My Happy Place

My Happy Place My Happy Place My Happy Place

Another performance season approaches and another school year is imminent! Thanks to the option of summer classes, I have managed to complete half of my doctoral coursework in one year, maintaining a 4.0 and enjoying every minute! School is my happy place. :)

Come to think of it, I have always considered the stage to be my happy place. I used to pursue the stage with unrelenting grit and determination, because that was where I reached ultimate joy and transcendence. I need moments on a stage, bathing in lights so bright that I can hardly see past my nose. The stage is the place where I can test my bravery and stretch my limitations, and it is also where I can pour into others. As an encourager and an empath, I crave opportunities to lift up those around me. Every day, in every interaction, I love to look for the root of a person's heart and find a way to connect, relate, and uplift. As we all know, it is a joy to love.

The stage gives me a platform on which I can pour passion and love and encouragement into an entire audience. That is one reason why I have eagerly sought out performing opportunities. Singing allows me to serve others by helping them understand and interpret their inner workings through music. Music allows people to connect with feelings that get locked away, so that they can detox and move forward refreshed. When I perform, I imagine myself as a cable that connects the listener to the Creator. My desire is to be a vessel through which listeners can find spiritual relief and renewal.

The stage offers me moments of thrill. Performing live affects me as would skydiving or riding a motorcycle. I get to be daring. I get to test myself. After all, anything can happen in a live performance! But more than that, I get to serve an audience. That's the best part.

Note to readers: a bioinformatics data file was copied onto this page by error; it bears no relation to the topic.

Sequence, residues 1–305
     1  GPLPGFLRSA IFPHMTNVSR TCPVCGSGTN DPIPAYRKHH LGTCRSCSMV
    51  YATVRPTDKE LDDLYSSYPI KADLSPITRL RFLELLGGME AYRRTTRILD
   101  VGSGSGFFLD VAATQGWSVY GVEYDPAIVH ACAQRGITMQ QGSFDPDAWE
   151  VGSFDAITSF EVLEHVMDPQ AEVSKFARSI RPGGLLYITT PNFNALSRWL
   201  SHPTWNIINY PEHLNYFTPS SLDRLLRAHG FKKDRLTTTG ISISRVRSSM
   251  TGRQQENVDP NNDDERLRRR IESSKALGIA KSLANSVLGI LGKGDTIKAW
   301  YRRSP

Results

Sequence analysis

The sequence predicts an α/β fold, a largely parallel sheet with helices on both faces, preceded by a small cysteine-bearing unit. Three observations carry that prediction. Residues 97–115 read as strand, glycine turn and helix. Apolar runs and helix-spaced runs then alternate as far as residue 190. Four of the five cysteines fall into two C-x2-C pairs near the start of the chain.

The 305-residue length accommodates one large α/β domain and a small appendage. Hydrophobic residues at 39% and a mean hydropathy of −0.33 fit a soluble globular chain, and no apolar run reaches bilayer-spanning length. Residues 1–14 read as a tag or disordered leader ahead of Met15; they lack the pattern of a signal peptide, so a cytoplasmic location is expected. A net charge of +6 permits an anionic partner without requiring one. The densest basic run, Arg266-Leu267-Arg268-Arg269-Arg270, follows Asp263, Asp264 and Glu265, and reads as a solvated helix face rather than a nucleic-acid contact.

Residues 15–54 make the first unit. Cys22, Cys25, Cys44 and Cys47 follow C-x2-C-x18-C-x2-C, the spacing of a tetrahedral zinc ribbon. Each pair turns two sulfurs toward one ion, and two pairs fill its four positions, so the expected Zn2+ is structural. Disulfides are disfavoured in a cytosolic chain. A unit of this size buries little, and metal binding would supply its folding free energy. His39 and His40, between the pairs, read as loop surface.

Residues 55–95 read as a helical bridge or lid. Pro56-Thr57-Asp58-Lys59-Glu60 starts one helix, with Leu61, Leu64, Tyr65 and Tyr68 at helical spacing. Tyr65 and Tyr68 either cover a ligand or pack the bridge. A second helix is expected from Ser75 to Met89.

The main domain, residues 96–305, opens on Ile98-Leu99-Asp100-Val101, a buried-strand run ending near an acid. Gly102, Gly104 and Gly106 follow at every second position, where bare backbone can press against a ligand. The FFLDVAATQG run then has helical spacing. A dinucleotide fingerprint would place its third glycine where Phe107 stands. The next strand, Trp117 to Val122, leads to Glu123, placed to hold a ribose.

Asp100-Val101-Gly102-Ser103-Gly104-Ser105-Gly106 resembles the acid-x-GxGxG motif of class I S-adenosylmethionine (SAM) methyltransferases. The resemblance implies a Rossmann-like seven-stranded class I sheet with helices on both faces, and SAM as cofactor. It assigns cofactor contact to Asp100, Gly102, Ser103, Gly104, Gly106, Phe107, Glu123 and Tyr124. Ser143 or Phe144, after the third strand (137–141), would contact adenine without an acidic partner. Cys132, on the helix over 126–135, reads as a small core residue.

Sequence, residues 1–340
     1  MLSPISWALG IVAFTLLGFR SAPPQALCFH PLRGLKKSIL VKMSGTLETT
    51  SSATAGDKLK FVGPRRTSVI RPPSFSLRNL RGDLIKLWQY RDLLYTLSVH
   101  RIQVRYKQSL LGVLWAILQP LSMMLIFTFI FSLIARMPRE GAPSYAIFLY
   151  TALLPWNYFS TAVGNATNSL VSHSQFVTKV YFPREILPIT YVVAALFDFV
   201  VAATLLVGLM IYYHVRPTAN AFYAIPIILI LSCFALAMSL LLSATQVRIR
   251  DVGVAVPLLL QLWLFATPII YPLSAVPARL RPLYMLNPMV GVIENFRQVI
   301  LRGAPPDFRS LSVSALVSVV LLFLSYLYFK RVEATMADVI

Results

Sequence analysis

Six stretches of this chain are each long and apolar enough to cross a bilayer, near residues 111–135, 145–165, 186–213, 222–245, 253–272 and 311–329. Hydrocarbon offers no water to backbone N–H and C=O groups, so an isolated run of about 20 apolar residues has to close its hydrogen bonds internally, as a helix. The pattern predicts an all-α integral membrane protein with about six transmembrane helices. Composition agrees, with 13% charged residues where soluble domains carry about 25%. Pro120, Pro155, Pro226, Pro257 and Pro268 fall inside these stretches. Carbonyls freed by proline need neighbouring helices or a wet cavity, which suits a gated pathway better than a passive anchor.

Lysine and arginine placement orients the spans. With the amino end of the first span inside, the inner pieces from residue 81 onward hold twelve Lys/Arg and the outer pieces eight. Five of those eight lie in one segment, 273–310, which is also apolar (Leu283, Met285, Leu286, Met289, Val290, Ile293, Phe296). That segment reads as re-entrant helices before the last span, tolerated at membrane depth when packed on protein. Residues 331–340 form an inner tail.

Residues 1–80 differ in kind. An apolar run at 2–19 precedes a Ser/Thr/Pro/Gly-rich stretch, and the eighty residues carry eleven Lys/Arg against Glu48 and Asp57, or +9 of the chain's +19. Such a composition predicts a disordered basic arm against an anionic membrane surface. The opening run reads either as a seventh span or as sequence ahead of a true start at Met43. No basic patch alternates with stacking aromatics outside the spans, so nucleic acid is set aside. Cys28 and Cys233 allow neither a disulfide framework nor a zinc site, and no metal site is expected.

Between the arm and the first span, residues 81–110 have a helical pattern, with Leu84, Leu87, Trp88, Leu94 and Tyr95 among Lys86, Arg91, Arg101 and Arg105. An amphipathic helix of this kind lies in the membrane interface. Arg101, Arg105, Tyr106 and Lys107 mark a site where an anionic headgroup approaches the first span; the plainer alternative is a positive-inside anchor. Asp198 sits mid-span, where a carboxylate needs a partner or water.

I love performing, not just because of the thrill of the stage but also because of the rehearsal process. I crave rehearsals with like-minded colleagues. Few things comfort me more than fellowshipping through music-making. Teaming up with other musicians with the common goal of bringing a project to life must be like being on a football team or in a platoon. There is an immediate bond that happens every time I meet a group of artists for a new project. For me, the experience of communing with others via music-making, sharing that common goal, conversing back and forth through the music, is as valuable as the performance itself. People make performing a joy: both the audience and my colleagues. It's not because I want to show off for others. Rather, it is because I want to connect with others. #INFJ

When I decided to release my urgent and stubborn need to perform constantly, I asked myself, "What is it that I love about singing? Can I find those elements of joy by other means?" I asked myself this question because there were moments when too much time had passed between one show and the next. In those moments, I found myself lacking fulfillment and purpose. Those times took a significant toll on my spirit. I realized that in pursuing a performance career without giving myself any flexibility or opening myself to other options, I wasn't living into all of my gifts. I wasn't thriving, and my life lacked balance.

Last year, I decided to release the vice-grip I had on my performing career and shift my focus to doctoral studies for a change. That is when I realized that I have more than one happy place.

Not only do I love performing, but I love learning. Indeed, I thrive on consistent goals and stable structure, so the academic environment suits me well. I finally admitted to myself that as a full-time performer, (or sometimes as a part-time performer with part-time survival jobs,) structure would remain an elusive pipe dream. When I found structure at school, I couldn't help but rejoice!!! I had been warned that getting a doctorate may be fatiguing and stressful. But I LOVE IT. Nothing is as fatiguing and stressful as a lack of structure and consistent purpose, and classes and papers and exams restore my energy! I love researching and writing papers and pressing toward goals that are sure to pan out with hard work. Thus, I began to reshape my career vision.